Question: Can someone give insight into the difference between current gene-function databases?
gravatar for VermillionAzure
3.7 years ago by
United States
VermillionAzure0 wrote:


I am currently working a bioinformatics internship, and I'm fairly new to all of this. Right now, I need to learn about the different databases and interface with them, using gene sets as the input to these databases.

I've noticed that the ones I'm looking at, GO and KEGG, give out different results--while GO has the three different categories (biological processes, molecular functions, cellular components), KEGG appears to give out results based on pathways? It makes me sort of nervous to get results back from GO and then get only one significant result from KEGG.

I know GO and KEGG are not the only databases out there, so I'm interested:

Can someone give a brief summary over the nature of some of the major databases' "output?"

pathway databases rna-seq term gene • 2.7k views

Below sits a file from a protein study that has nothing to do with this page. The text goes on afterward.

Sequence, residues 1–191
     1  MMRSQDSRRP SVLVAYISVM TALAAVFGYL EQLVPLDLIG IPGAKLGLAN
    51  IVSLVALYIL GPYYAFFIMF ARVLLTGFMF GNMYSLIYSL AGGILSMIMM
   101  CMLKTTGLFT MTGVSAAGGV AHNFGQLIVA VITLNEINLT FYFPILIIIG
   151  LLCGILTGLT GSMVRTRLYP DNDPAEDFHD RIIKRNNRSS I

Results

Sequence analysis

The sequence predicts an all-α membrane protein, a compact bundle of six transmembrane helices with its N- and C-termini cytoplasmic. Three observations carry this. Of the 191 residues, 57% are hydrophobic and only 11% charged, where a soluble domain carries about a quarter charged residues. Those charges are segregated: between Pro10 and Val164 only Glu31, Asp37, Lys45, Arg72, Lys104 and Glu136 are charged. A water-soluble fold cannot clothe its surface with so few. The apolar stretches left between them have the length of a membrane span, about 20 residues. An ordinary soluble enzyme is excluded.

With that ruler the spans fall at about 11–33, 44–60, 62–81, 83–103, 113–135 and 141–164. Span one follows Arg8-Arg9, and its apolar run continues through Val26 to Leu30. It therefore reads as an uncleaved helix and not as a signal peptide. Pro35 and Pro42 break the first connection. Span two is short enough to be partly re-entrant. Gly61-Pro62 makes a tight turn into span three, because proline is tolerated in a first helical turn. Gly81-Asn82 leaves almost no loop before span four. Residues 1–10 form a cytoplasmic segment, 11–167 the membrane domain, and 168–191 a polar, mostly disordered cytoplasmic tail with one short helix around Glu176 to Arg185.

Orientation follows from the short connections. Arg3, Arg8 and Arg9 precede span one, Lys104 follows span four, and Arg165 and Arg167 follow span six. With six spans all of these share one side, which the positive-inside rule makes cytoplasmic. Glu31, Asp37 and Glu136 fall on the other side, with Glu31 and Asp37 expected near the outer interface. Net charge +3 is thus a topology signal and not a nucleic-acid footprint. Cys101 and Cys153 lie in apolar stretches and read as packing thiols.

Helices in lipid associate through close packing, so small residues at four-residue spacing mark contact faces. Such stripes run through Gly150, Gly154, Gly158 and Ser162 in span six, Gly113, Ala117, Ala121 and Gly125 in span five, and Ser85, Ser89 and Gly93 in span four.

ADD COMMENTlink modified 3.7 years ago by Jean-Karim Heriche19k • written 3.7 years ago by VermillionAzure0
gravatar for Jean-Karim Heriche
3.7 years ago by
EMBL Heidelberg, Germany
Jean-Karim Heriche19k wrote:

GO stands for Gene Ontology and as the name suggests, it annotates genes using an ontology. KEGG, Panther and other "pathway" databases group genes into "pathways" which are basically lists of genes participating in the same biological process. Ontology annotations give more flexibility and capture better (in my view) the complexity of gene functional relationships. On the other hand, gene lists are easier to understand and manipulate but what goes into a given list can be subjective and two databases will not agree on the level of granularity for describing a given process. For example, one database would give a big list of genes involved in DNA replication while another would break it up into origin-licensing, DNA polymerisation ...


ADD COMMENTlink written 3.7 years ago by Jean-Karim Heriche19k
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